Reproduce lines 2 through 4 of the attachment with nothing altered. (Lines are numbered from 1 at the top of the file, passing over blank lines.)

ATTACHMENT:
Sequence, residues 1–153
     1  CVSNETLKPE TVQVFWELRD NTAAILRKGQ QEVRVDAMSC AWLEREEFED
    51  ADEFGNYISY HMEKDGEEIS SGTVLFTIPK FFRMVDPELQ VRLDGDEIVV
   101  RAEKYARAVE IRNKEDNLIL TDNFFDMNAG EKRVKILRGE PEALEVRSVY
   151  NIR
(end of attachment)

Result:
     1  CVSNETLKPE TVQVFWELRD NTAAILRKGQ QEVRVDAMSC AWLEREEFED
    51  ADEFGNYISY HMEKDGEEIS SGTVLFTIPK FFRMVDPELQ VRLDGDEIVV
   101  RAEKYARAVE IRNKEDNLIL TDNFFDMNAG EKRVKILRGE PEALEVRSVY